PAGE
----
Are Facebook, Google, Twitter Manipulating Public Opinion?
Amid the fierce battle to control information and sway public opinion, can you trust giants like Facebook, Google and Twitter? To answer this question, investigative journalist Sharyl Attkisson took an in-depth look into efforts to control what we know and spread "fake news."
"News, information and communication is really monopolized on the internet by a select group of people, about four or five leaders in one of the most progressive cities in the world with some of the most progressive workers in the world," Andrew Torba told Attkisson, the host of television show "Full Measure."
After being trolled during the 2016 campaign for his support of Trump, Torba moved from Silicon Valley, California, to Texas and now fights control of information online. He started a social media platform called "Gab," whose tagline is "Free Speech for Everyone."
"What I saw happening as a conservative in Silicon Valley was an agenda being pushed and the conservative side and conservative ideas being suppressed," Torba said.
Asked what areas of the internet are used to shape and manipulate opinions, Matthew Brown, a data analyst, said, "Everywhere social. Everywhere social means specific Facebook pages, but it also means the comment sections in every major newspaper."
In February, Elizabeth Johnston, an Ohio homeschooling mother of 10 who runs the popular conservative blog "The Activist Mommy," accused Facebook of censorship after her account was suspended over posts on what the Bible says about homosexuality and sin.
She told The Christian Post that Facebook suspended her account earlier that month because she wrote about how Leviticus condemns homosexuality as "detestable" and an "abomination." Johnston said the comment in question was posted over six months earlier in a long thread of comments that was in response to another Facebook user who claimed that Christians are hypocrites for condemning homosexuality but being willing to eat shellfish and pork.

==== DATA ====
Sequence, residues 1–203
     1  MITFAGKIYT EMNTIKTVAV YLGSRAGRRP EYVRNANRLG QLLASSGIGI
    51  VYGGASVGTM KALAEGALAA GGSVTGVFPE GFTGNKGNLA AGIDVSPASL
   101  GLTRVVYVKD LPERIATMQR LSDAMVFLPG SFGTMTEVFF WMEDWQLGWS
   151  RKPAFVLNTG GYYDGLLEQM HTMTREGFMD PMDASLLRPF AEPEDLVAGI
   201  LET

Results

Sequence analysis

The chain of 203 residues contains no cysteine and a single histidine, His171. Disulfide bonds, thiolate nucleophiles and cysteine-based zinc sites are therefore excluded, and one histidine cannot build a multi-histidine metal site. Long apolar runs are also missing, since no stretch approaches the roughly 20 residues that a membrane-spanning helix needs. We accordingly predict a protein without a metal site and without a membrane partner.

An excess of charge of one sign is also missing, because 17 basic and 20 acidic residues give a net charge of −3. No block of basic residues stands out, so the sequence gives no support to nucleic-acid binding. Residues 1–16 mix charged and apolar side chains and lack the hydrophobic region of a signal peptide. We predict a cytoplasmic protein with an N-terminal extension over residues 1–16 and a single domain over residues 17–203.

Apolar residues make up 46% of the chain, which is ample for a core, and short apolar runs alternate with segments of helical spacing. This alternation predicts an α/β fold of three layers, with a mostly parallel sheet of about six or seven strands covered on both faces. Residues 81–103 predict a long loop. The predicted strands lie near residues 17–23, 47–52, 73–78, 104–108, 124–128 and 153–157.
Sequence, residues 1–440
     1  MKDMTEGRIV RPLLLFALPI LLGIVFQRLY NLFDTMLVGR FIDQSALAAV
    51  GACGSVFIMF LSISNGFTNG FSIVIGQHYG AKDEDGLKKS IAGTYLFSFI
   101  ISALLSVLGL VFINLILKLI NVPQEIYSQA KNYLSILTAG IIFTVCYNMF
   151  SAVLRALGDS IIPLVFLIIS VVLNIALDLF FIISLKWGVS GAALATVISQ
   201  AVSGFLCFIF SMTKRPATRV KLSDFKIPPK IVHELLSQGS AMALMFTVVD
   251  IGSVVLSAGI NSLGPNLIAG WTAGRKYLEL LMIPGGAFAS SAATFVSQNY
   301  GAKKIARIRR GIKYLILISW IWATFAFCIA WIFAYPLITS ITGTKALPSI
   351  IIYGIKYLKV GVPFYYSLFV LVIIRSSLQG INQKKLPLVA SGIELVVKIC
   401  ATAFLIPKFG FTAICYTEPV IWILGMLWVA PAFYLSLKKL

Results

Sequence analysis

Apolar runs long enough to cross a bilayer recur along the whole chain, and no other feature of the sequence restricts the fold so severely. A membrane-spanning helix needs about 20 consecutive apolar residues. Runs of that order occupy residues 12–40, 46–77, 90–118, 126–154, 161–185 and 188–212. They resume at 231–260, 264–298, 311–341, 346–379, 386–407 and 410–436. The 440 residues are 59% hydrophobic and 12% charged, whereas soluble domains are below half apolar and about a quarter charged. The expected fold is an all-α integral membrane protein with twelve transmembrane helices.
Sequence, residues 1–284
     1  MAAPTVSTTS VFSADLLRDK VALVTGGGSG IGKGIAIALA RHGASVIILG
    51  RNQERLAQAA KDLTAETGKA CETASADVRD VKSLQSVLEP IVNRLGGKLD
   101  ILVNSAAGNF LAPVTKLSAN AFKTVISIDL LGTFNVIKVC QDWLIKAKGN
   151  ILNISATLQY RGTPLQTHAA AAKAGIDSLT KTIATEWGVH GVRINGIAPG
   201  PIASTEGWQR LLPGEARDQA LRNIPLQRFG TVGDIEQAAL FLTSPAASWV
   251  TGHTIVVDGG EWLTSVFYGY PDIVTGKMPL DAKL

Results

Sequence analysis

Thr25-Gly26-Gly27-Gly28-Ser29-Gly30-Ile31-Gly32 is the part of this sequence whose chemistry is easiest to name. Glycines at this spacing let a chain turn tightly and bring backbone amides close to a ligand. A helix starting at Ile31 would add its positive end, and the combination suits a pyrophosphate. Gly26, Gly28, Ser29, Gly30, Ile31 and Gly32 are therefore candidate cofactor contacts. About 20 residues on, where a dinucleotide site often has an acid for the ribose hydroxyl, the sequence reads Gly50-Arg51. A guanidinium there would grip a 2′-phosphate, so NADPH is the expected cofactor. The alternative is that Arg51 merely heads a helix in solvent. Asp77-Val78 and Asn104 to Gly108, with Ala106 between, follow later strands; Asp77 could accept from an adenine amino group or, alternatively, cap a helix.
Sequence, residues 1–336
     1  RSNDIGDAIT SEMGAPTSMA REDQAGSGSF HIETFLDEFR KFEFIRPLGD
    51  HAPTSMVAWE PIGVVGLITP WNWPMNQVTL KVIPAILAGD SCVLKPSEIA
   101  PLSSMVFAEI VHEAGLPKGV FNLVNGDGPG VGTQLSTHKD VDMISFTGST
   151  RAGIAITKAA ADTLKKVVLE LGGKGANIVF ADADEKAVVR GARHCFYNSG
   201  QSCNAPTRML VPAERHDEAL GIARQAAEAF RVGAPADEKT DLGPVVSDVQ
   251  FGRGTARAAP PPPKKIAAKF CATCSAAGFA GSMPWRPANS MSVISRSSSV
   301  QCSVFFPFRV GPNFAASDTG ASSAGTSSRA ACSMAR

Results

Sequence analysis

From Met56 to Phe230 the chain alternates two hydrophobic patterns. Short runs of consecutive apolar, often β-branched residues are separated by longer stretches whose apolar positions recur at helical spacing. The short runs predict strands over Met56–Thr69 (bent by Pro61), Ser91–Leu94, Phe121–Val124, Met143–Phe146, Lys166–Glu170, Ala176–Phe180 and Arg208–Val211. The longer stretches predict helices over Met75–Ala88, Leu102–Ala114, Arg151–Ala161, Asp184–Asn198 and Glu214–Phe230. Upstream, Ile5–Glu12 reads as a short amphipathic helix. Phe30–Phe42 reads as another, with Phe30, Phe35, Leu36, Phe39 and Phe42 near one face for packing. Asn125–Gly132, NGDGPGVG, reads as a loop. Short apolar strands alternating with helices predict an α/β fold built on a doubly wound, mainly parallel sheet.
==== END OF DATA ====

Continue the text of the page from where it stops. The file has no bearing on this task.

Brown added in the show that digital activists are often paid employees, whose purpose is to "attack anyone who's posting something contrary to the view the page owner wants expressed."
Brown evaluated 226,000 pro-Obamacare posts made by 40,000 Facebook profiles, and found that "60 percent of all the posts were made from 100 profiles, posting between the hours of 9 and 5 Pacific Time."
However, it's not just Democrats. "There's no reason to believe that everybody's not doing it," Brown said.
As the use of "fake news" hit headlines during and after the 2016 presidential election, Facebook announced an initiative to stop it. However, the fix involved using fact checkers that many conservatives see as biased.
"Now you see partisans of both parties appropriating and using this [fake news] label merely to apply it to news that they don't like," commented Susan Glasser, who was editor of the left-leaning Politico during the 2016 campaign.
The show also noted that Google's parent company, Alphabet, was a top Clinton donor, and its chief executive worked on the Clinton campaign. Furthermore, former Facebook insiders alleged last year they "routinely suppressed news stories of interest to conservative readers."
Earlier this month, leading pro-life organization Operation Rescue accused Google of manipulating the parameters of its search engine to drastically reduce its exposure when people search for information about abortion. Operation Rescue said that since May it had seen a massive drop in the number of people going to its fact page "Abortions in America," which had previously been the most-visited page on the site.
Twitter censors conservatives, but not liberals for similar behavior, Torba said.
In June, Twitter barred pro-life group Live Action from buying ads to promote the dignity of unborn life, claiming it violated their "hate and sensitive content policy."
The ads Twitter deemed hateful and insensitive showed ultrasound images, fact-checked Planned Parenthood's claims, and discussed the beauty of prenatal life. Twitter particularly took issue with a proposed ad that showed a photo of a baby in the womb with text that read: "I Am Not a Potential Human" at the top and "I Am a Human With Potential" at the bottom.
Asked what would his advice be to somebody who's taking part either in social media or looking for information on the web, Brown said, "… Not to believe any of it. Take it all with a grain of salt."